North Sea: Oil and gas production could start in drilling sites within five years
The 27 newly approved blocks, the first to get the go-ahead in the latest licencing round by the North Sea Transition Authority (NSTA), were prioritised because “they have the potential to go into production more quickly than others”. They are located in the Central and Northern North Sea and West of Shetland.
Oil and gas provide for around three quarters of domestic energy needs in the UK, but the nation is a net importer because it consumes more than it produces. In addition to the initial 27 licences, six more blocks, which were also ready to be offered, have been merged into five existing licences.
The successful applications are among 115 submitted for 258 blocks as part of the 33rd licencing round – out of a total of 931 blocks and part-blocks which have been identified for exploitation.
The NSTA intends to award blocks in tranches, with those that have the potential to produce quickly taking precedence and those requiring further environmental assessments coming later.
The authority said the move was part of a wider effort to support the UK’s energy security options, which includes licensing offshore gas stores and potentially reopening closed wells.
The announcement comes as the UK Government comes under fire for rolling back on green measures, including delaying the phase-out of petrol and diesel cars, despite committing to become a net zero nation by 2050.
Stuart Payne, NSTA chief executive, said: “Ensuring that the UK has broad options for energy security is at the heart of our work and these licences were awarded in the expectation that the licensees will get down to work immediately. The NSTA will work with the licensees to make sure that where production can be achieved it happens as quickly as possible.”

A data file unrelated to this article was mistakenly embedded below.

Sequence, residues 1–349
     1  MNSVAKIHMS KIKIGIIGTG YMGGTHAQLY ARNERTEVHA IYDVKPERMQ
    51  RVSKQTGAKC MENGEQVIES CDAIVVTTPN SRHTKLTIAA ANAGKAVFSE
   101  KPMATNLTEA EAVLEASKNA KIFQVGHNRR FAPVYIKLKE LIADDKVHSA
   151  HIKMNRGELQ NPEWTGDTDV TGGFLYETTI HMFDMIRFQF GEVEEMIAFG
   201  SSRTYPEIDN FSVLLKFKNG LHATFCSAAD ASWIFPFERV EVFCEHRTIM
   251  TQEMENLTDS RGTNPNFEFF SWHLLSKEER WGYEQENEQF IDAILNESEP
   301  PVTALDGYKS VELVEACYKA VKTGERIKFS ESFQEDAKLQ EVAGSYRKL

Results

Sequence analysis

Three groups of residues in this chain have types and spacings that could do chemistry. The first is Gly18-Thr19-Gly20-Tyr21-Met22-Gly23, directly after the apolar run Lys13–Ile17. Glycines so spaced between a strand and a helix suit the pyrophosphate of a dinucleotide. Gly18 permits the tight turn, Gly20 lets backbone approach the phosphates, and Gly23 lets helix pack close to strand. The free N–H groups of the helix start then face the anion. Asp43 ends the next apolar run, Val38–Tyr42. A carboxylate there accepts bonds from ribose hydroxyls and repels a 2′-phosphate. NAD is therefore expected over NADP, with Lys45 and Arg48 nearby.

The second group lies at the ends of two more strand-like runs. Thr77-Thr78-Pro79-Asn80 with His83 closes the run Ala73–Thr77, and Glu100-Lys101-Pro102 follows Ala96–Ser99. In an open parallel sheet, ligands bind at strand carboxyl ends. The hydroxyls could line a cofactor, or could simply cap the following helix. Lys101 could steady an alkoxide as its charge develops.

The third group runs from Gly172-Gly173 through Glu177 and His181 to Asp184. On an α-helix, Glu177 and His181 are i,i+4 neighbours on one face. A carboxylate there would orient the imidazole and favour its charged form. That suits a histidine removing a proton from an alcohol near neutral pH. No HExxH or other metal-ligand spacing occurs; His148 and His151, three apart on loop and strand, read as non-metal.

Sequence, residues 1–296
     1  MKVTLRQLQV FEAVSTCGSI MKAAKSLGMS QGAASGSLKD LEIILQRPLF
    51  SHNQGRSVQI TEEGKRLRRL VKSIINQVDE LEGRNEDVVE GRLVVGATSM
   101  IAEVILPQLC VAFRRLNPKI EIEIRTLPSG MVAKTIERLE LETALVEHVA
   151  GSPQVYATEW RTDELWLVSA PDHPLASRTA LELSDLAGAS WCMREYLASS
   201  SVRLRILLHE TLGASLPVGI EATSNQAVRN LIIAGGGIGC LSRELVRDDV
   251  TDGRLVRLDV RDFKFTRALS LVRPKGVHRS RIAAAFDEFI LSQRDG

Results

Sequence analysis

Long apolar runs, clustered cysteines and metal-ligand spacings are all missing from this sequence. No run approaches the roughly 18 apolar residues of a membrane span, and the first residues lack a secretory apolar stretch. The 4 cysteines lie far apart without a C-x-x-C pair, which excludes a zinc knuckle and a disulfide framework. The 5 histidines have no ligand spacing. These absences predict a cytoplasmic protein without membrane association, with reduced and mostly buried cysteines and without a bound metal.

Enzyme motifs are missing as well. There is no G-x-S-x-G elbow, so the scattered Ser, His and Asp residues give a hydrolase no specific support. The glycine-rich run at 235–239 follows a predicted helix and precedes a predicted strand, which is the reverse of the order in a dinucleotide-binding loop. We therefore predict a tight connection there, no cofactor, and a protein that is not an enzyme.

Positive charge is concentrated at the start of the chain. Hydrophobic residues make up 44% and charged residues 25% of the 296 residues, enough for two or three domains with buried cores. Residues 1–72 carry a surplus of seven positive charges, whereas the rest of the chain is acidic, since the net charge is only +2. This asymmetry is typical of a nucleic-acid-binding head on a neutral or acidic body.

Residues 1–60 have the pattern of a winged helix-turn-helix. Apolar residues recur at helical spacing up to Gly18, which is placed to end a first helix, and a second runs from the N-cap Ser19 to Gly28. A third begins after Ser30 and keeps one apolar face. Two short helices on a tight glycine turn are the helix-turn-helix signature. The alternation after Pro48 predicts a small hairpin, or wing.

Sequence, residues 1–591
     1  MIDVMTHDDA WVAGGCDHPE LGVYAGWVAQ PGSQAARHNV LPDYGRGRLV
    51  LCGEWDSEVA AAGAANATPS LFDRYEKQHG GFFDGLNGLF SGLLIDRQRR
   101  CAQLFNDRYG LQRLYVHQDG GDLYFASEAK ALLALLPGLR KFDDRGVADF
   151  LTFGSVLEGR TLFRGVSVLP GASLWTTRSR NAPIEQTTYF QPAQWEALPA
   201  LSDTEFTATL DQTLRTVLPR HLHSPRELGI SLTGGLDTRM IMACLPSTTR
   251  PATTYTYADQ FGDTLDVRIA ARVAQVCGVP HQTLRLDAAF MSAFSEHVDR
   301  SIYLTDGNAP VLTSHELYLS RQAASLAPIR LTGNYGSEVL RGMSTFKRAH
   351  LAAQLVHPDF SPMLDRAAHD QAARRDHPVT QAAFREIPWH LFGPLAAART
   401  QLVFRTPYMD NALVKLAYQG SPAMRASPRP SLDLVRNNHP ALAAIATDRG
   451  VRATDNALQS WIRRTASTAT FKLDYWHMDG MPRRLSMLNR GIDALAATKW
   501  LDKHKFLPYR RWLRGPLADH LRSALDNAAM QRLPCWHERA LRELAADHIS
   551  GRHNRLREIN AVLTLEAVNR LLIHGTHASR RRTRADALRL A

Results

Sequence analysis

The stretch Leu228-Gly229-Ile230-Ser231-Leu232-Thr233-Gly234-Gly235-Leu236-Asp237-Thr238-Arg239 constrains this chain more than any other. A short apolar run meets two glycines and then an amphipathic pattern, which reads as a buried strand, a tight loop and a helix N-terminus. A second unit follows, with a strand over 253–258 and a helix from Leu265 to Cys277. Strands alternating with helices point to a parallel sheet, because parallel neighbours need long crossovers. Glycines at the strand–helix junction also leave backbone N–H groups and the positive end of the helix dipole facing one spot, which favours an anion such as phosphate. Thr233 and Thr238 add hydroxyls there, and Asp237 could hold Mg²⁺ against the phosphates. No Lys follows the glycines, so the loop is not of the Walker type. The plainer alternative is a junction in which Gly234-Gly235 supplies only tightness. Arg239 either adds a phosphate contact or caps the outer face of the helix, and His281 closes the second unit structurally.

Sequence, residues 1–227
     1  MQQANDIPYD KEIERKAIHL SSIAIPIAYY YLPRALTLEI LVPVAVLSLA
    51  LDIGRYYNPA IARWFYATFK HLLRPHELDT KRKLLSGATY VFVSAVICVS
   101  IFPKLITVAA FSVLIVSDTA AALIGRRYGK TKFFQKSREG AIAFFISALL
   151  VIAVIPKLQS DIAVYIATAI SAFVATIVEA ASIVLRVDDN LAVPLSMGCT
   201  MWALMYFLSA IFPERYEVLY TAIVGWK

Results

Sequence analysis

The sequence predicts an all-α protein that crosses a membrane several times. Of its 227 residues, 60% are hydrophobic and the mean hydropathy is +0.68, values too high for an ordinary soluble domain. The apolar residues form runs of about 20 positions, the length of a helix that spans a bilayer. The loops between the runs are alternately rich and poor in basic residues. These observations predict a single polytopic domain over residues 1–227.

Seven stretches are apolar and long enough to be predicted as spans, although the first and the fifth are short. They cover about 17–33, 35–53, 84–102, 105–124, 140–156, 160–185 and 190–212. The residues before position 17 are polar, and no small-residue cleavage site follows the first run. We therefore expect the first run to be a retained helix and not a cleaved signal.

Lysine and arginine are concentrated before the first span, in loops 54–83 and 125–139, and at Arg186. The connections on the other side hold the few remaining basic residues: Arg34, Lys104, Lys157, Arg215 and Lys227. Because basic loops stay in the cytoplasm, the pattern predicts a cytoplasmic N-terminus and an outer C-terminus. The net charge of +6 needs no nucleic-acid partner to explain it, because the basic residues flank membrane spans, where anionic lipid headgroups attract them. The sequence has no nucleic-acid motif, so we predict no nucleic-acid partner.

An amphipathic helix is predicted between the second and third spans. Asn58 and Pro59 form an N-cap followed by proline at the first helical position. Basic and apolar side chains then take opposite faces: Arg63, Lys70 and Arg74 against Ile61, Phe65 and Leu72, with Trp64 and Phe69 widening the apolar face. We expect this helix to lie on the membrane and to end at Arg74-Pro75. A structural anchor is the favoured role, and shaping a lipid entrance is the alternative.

UK energy security secretary Claire Coutinho said: “It’s common sense to reduce our reliance on foreign imports and use our own supply – it’s better for our economy, the environment and our energy security.”
But climate change campaigners and green politicians have hit out at the announcement, which comes not long after Westminster approved development of the controversial Rosebank oil field off Shetland – the UK’s biggest untapped reserve, with an expected yield of more than 300 million barrels.
Greenhouse gas emissions from burning fossil fuels are recognised as the biggest driver of global warming.
The decision to hand out more licences has been branded “despicable”, “reckless”, “backward” and “an environmental disaster” that will have dreadful consequences while doing nothing to guarantee supplies or cut energy bills as oil and gas are sold on the international market.
“It is an environmental disaster,” said Scottish Greens MSP Mark Ruskell. “Every one of these reckless new licences is a further step towards climate breakdown.”
He added: “This is a time for real and urgent climate action, not doubling down on the policies that are already causing so much irreversible damage.”
Caroline Rance, climate and energy campaigner at Friends of the Earth Scotland, said: “Handing out new oil licences is a despicable decision from the UK Government because ministers know that new fossil fuels will lead to even greater death and destruction from climate breakdown.
“This is a wilful dereliction of duty from an energy minister who is committing the people she is supposed to represent to more frequent and more intense storms and floods like those that are lashing the UK right now.”
Scotland has a target to reach net zero by 2045 – five years earlier than the rest of the UK.
Scottish ministers have previously said “unlimited extraction of fossil fuels is incompatible with our climate obligations”.
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